[SINGAPORE] Noble Group Ltd's slump is creating Singapore's biggest disconnect with analyst target prices.
The commodity trader's stock would need to rally 58 per cent in the 12 months from Friday's close to meet the average strategist's forecast, the widest gap on the Straits Times Index. While Barclays Plc joined at least four other brokerages in cutting target price since the start of May, the bank's projection implies a 75 per cent rebound. The worst performer in 2015 on Singapore's benchmark equity measure, Noble Group fell 2.8 per cent to 68.5 Singapore cents at the end of trading.
Noble Group is confronting research firms questioning its accounting and business model at the same time growth in Chinese demand for coal and iron ore slows. Founder and Chairman Richard Elman has rejected the allegations, writing this week to shareholders asking for patience, and buying about S$13.3 million of shares since Iceberg Research's first report in February.
"It will still take time for the company to regain the market's confidence even though it has made efforts to improve transparency and disclosures," Oversea-Chinese Banking Corp. analyst Carey Wong wrote in a report.
Noble has declined for six straight months and is down 14 per cent so far in June. The company trades at 0.7 times book value, near its lowest valuation since 2008, according to data compiled by Bloomberg. That compares with multiples of more than 1 for rivals Glencore Plc and Olam International Ltd.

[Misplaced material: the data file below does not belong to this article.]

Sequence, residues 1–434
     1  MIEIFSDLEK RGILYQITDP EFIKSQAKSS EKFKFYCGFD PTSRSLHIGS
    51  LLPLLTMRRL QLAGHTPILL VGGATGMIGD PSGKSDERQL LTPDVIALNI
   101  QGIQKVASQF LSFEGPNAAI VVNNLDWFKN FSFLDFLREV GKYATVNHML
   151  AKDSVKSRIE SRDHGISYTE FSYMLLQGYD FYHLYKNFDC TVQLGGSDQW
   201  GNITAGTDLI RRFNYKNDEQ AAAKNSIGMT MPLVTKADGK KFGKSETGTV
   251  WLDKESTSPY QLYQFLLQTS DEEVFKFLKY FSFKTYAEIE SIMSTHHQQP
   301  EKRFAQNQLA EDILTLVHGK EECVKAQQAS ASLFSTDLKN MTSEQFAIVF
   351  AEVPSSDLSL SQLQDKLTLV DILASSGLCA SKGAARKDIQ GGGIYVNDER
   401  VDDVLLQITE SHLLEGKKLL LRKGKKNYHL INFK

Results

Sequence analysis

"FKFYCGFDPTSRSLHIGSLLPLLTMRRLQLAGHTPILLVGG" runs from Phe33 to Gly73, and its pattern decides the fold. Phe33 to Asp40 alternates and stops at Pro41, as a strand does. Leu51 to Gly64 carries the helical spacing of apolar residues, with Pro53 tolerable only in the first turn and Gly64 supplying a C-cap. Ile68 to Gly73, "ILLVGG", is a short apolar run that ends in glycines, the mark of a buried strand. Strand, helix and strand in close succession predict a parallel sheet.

"We enjoy the support of our core shareholders," Noble Group chief executive officer Yusuf Alireza said in an e-mailed response to questions from Bloomberg, saying China Investment Corp plans to replace its outgoing representative on Noble's board and has boosted its stake in its agricultural business.
The company has "been through difficult times in the past weeks," but will work to "right the damage" and boost the share price, Mr Elman wrote in a letter to investors Thursday. The shares advanced 9.3 per cent Thursday on elevated volume. Part of that was the company buying back 25 million shares, according to a regulatory filing.
Short interest rose to 5.9 per cent of Noble Group's outstanding equity on June 10, Markit Group Ltd. data compiled by Bloomberg show. That compares with less than 0.2 per cent on Feb 13 before Iceberg Research started publishing reports questioning the company's accounting. Muddy Waters took a short position on the stock in April and criticised Noble's cash flow and management.
While seven of the 14 analysts covering Noble still have buy ratings, they've pared price targets since the company posted a quarterly loss in February. OCBC is the most pessimistic, cutting its fair value estimate to S$0.61 from S$1.05 on Thursday. It's the only brokerage predicting that shares will decline.
"The shares look very tempting at these levels but it's not something we would really want to be involved in given the lack of transparency in their major contracts," Soo Hai Lim, a Hong Kong-based money manager at Baring Asset Management (Asia) Ltd, said by phone. "Noble derives a lot of their income from revaluation of financial contracts, which we don't have much visibility on." Baring doesn't hold Noble shares.